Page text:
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New research suggests children’s primary teeth keep record of early life stress

As a baby’s teeth begin to form in utero, they create growth lines that can vary in thickness depending on the mother’s wellbeing during pregnancy. One of these growth marks, called the neonatal line, is known to be thicker in children whose mothers experience poor nutrition, disease, and other types of physical stress, such as a complicated labor or preterm birth. Since teeth keep a record of physical health, some scientists hypothesized that teeth could reveal clues about mental health as well.

In a paper published last month in the journal Psychiatry, researchers describe their findings from a study of 70 shed primary teeth. The results show that babies whose mothers experienced stressful life events and mental health challenges during pregnancy developed thicker neonatal lines in their teeth than babies of mothers without those stressors. Babies whose mothers received social support during pregnancy had thinner neonatal lines.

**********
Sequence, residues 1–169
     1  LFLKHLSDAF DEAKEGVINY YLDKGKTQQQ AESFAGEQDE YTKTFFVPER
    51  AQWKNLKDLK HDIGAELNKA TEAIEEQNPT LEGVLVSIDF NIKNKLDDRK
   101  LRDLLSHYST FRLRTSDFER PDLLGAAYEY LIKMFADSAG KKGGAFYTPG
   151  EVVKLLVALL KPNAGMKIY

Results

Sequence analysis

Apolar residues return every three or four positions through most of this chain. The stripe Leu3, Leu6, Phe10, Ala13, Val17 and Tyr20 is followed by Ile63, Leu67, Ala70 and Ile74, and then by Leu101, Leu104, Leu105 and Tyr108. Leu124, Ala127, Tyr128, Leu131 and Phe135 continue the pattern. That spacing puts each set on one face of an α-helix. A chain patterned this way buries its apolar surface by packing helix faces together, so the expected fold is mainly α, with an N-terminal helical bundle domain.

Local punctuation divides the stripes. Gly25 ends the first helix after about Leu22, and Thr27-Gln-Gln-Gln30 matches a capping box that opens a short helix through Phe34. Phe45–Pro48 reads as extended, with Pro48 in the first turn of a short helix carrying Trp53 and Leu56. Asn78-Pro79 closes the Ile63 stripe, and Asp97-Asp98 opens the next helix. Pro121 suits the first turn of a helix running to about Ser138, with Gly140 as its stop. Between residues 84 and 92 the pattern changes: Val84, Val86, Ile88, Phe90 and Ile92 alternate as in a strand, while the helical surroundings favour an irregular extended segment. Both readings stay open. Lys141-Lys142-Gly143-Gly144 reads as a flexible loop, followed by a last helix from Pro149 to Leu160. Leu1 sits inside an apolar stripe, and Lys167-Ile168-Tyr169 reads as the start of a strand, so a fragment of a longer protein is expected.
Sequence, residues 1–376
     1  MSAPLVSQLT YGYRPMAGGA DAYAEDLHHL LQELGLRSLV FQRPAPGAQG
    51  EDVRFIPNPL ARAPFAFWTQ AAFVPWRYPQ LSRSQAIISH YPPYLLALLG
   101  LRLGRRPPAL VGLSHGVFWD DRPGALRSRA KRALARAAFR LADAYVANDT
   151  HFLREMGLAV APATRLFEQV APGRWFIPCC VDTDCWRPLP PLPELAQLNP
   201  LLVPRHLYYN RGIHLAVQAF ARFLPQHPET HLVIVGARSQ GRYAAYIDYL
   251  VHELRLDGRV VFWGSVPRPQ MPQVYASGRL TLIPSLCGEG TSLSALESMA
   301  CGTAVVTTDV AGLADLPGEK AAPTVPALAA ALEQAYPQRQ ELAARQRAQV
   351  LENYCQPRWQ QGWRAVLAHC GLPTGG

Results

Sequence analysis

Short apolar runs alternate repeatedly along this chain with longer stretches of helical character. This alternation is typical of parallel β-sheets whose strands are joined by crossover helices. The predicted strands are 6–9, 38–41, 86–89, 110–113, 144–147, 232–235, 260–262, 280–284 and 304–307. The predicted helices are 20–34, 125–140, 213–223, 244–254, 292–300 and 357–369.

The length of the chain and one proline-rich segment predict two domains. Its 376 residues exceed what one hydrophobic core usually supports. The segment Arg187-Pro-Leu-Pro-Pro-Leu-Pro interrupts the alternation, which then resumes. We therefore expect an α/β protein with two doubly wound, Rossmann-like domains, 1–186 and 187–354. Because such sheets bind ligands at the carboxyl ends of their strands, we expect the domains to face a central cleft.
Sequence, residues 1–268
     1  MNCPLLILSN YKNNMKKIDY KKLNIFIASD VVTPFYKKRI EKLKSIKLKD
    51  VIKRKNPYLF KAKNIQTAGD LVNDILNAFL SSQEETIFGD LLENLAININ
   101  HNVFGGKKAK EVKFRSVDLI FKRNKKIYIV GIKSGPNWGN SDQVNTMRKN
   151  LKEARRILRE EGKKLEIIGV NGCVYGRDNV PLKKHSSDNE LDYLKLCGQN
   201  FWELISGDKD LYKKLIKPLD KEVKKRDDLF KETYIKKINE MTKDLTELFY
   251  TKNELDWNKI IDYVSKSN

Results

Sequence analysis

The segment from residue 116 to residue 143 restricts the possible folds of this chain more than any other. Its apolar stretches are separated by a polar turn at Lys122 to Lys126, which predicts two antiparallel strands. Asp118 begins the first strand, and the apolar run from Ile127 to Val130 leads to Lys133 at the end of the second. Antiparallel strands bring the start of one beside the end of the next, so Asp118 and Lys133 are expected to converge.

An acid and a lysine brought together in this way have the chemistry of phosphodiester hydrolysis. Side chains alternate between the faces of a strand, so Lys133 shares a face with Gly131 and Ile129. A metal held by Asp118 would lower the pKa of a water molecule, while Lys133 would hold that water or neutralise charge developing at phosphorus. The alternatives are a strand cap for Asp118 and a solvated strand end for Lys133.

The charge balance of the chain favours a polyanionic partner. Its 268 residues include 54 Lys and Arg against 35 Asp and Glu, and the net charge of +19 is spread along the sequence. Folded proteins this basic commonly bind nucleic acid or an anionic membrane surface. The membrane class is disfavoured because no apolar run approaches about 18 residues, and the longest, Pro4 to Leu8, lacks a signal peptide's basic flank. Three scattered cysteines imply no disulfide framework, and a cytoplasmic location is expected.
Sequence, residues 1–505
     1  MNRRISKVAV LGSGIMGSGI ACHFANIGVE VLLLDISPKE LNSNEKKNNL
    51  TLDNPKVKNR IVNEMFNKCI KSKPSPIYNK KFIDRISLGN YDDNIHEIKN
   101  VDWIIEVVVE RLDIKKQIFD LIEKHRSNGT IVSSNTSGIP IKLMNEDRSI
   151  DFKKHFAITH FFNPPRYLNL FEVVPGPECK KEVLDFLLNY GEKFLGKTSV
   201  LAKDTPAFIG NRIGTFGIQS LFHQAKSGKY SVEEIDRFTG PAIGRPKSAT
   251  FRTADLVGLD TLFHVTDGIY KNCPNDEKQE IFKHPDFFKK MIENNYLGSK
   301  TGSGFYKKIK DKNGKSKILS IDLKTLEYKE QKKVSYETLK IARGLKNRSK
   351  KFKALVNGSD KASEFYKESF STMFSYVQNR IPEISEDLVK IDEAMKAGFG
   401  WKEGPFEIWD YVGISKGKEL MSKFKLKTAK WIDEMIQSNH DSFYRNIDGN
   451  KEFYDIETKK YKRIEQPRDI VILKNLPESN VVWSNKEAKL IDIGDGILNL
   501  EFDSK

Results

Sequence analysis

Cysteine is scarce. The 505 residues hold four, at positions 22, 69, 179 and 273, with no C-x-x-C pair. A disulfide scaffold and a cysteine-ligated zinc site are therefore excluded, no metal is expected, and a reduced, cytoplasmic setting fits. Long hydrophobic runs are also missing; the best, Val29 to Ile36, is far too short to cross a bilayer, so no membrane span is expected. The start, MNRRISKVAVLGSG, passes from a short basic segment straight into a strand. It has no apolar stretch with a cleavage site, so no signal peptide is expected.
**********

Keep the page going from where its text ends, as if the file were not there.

Researchers have found that the thickness of the neonatal line in shed primary teeth is associated with maternal stress.

Previous research has shown that childhood exposure to early-life adversity is associated with increased risk of developing mental health disorders later in life. This new study suggests that the neonatal line in teeth could be a useful biomarker for uncovering signs of early-life stress, and potentially predicting risk for future mental health issues.

“Teeth have been used for decades as records of environmental exposures to toxicants, such as metals. This study suggests that teeth can also be indicators of exposures to maternal stress,” says Dr. Felicitas Bidlack, Associate Member of Staff at The Forsyth Institute and co-author of the study. “We know that shed teeth encapsulate a record of prenatal and early childhood experiences and provide a non-invasive biomarker with amazing time resolution. Our goal is to leverage this record to recognize children at risk early on.”

Researchers from The Forsyth Institute, Massachusetts General Hospital, and Harvard University collaborated on the research.

Read the full study here.

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